There's plenty of variety at the business end of the four-wheel-drive ute segment these days. We run through them from top to bottom.
We all know how the four-wheel-drive ute segment has grown and evolved in recent years. No longer a field of spartan utes – low on features but all sporting a big loadspace at the back.
While that big loadspace is still the crucial part of a ute’s definition, their form has been evolving over the years. And there’s plenty of variety to be had up the back.
During our four-wheel-drive ute mega test, we had the opportunity to sample the once-humble ute tub in all of its modern forms.
While GT specification is pinnacle BT-50, the HiLux has been usurped by the likes of the Rugged X and Rogue that have more features at the rear. However, both look a little bit nude in this company.
It might not matter to some buyers, however. If you’re looking to modify and personalise your tub with things like drawers and canopies, then these bare ends will look more like blank canvasses for your own build.
The Amarok’s business end also looks a little bare (in Highline 580 spec) without any tub liner or cover to mention. However, there is a 12V plug and light (switchable from the cabin) mounted on the black sports bar. There are also four tie-down points, which are a nice removable, fold-flat design.
While the T60 Trailrider is by far the cheapest ute on this test, LDV has added quite a few features to the tub. A Mountain-Top roller cover is there, along with a spray-in tub liner and four tie-down points. However, a 12V plug is absent.
A lift-up lid, like we have on this Triton GLS Premium, isn't a standard fitting, costing $3071 as a dealer-fitted accessory. A tub liner also comes at an additional cost, as getting one standard will require going up to the top specification called GSR.
Extra costs aside, the Triton as we have it here is a good representation of when four-wheel-drive utes gain a strong lifestyle bent. A hard lid like this makes the Triton’s tub secure and lockable, but less versatile in terms of loading up tall and bulky gear.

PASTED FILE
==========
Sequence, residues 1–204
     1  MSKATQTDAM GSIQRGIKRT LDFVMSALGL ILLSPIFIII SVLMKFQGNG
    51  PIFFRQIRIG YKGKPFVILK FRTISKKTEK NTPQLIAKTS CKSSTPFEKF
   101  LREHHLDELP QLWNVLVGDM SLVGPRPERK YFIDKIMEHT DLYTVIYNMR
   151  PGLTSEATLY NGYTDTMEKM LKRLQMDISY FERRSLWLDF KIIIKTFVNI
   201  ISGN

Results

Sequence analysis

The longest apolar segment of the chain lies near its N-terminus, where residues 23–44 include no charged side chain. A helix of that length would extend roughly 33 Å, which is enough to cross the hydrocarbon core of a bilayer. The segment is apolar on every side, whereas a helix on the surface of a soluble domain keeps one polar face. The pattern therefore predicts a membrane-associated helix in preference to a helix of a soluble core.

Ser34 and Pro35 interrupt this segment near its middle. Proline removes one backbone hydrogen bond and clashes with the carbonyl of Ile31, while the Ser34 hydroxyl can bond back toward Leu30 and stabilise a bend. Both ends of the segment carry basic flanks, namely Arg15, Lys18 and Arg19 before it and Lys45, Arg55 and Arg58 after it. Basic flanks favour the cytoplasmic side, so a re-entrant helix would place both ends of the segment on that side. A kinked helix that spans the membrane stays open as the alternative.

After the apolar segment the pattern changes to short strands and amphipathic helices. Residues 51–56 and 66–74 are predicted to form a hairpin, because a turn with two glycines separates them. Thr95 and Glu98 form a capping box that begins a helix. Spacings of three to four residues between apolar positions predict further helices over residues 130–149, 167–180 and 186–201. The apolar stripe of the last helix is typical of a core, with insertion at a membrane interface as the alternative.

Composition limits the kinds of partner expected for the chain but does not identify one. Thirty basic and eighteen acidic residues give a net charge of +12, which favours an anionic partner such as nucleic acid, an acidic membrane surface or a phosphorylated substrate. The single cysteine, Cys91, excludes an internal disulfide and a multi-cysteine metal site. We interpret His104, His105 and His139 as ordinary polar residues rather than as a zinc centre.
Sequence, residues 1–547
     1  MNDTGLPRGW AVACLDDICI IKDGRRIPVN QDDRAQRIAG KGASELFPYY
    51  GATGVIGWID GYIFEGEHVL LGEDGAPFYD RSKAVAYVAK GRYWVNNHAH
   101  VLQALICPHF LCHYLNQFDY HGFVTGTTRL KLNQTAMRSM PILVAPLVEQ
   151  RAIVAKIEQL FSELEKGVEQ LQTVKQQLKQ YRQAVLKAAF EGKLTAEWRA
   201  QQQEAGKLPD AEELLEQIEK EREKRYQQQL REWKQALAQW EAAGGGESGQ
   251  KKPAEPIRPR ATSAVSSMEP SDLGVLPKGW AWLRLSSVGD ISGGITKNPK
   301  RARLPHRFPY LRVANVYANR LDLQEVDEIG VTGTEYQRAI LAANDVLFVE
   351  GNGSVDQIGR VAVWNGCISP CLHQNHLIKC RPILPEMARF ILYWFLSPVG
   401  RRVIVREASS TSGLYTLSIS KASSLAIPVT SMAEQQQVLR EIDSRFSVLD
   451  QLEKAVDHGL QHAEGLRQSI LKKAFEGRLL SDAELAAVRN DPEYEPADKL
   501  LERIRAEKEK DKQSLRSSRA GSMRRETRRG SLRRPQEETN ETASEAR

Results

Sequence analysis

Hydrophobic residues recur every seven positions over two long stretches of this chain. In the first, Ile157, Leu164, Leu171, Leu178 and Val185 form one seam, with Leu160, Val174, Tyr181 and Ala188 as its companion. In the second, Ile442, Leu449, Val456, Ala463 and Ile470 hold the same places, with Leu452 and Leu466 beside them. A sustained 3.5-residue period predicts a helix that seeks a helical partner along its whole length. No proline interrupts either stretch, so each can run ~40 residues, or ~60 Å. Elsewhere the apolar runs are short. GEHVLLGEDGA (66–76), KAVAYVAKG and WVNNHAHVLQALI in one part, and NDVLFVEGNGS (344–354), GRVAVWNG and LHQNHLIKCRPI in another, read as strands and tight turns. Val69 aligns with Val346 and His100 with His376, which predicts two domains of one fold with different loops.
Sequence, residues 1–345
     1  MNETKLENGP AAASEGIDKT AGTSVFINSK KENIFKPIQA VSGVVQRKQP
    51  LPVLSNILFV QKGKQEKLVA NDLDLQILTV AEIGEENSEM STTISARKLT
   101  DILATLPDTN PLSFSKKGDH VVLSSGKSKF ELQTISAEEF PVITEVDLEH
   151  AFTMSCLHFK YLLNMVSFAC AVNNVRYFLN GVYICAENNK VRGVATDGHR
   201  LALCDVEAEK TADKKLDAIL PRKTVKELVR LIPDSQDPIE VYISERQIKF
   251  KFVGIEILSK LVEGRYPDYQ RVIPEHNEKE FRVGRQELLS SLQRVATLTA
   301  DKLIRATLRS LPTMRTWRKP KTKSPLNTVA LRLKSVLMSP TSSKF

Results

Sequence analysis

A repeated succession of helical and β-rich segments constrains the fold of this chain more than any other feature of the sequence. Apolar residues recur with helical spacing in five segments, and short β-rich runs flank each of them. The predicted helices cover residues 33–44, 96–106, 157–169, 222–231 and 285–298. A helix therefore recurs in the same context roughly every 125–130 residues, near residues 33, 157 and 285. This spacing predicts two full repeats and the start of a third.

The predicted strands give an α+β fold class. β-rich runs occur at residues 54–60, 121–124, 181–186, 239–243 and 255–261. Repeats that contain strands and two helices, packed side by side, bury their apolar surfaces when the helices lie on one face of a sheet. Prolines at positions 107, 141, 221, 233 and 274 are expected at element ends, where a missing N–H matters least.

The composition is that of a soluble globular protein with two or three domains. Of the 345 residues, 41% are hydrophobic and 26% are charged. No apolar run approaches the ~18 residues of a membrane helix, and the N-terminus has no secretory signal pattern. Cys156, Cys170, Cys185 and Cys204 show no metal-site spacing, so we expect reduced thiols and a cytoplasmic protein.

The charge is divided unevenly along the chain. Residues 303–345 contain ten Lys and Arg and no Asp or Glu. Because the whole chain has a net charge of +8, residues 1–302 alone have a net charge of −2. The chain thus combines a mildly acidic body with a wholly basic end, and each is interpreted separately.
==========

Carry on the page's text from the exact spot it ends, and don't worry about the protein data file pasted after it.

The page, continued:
|Mazda BT-50||Toyota HiLux||Volkswagen Amarok||LDV T60||Nissan Navara||Mitsubishi Triton||IsuzuD-Max||Ford Ranger|
|Spec||GT||SR5||Highline 580||Trailrider||N-Trek||GLS Premium||X-Terrain||Wildtrak|
|Tub width (wheel arches)||1110mm||1110mm||1180mm||1050mm||1070mm||1040mm||1110mm||1110mm|
|Tub liner type||Drop-in||Optional||Optional||Spray-on||Drop-in||Optional||Drop-in||Drop-in|
|Ute tub lighting||No||No||Yes||No||No||No||No||Yes|
|Cover type||No||No||No||Manual roller||Soft tonneau||No||Manual roller||Electric roller|
Nissan’s Navara uses a more old-school take on weather-proofing: a soft tonneau cover that clips into the tub with sail track joins. It’s nowhere near as fast or easy to open up, but can be removed completely and left in the shed when you want an open tray.
One great element of the Navara is, on top of the four typical tie-down points, an additional load rail on each side with adjustable tie-down points. These sit higher up in the tub, but prove very useful when fitting large and awkwardly sized stuff into the back.
In top-spec X-Terrain guise, the Isuzu D-Max gets a loaded tub with plenty of accessories as standard fitment. There’s a sailplane-style sports bar, as well as a roller cover shutter. The drop-in liner will save the paint, but a knock-on effect of the roller cover is there are only two tie-down points at the back of the tub.
Ford's Ranger Wildtrak is well laden with features: electric roll cover, drop-in tub liner, light and 12V power outlet. There’s a drop-in tub liner, as well as four tie-down points.
In this spec, the Ranger’s tub is also sealed around the tailgate. It's no mean feat, and does a good job of stopping (or slowing) stuff like dust and water getting through. Most other utes have no shortage of daylight visible through the sizeable gaps in the tailgate, letting just about everything into the tub when driving on wet or dusty roads.